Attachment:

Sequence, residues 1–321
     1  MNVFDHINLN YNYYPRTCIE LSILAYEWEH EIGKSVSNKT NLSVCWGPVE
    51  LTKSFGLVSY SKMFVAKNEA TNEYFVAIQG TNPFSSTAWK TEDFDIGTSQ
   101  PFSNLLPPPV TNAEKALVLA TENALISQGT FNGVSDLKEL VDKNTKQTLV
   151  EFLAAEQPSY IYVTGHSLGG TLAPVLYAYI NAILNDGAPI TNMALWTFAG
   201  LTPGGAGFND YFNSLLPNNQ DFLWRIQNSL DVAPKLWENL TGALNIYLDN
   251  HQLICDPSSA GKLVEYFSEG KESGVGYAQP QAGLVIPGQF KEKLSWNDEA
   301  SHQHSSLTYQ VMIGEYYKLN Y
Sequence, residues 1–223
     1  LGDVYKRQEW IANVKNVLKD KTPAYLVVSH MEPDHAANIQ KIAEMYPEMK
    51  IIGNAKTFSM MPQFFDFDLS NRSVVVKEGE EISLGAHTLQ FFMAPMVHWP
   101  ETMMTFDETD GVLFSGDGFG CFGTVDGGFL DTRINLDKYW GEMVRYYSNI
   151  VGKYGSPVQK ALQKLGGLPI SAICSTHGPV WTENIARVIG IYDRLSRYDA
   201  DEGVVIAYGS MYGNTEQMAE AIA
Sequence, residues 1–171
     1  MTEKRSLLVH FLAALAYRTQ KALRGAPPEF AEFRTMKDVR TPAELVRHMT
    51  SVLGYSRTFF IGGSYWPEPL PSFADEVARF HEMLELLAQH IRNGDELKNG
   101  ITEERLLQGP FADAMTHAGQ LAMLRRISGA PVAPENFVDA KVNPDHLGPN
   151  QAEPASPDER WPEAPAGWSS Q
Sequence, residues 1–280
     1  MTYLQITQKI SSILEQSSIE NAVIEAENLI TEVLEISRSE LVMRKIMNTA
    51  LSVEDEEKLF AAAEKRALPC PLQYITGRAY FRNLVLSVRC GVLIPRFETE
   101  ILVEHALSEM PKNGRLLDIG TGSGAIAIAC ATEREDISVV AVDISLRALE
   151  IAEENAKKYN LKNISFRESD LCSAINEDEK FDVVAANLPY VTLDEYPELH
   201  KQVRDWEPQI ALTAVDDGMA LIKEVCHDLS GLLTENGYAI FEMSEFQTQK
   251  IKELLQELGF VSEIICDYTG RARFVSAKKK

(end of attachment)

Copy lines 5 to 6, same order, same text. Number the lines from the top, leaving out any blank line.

   151  EFLAAEQPSY IYVTGHSLGG TLAPVLYAYI NAILNDGAPI TNMALWTFAG
   201  LTPGGAGFND YFNSLLPNNQ DFLWRIQNSL DVAPKLWENL TGALNIYLDN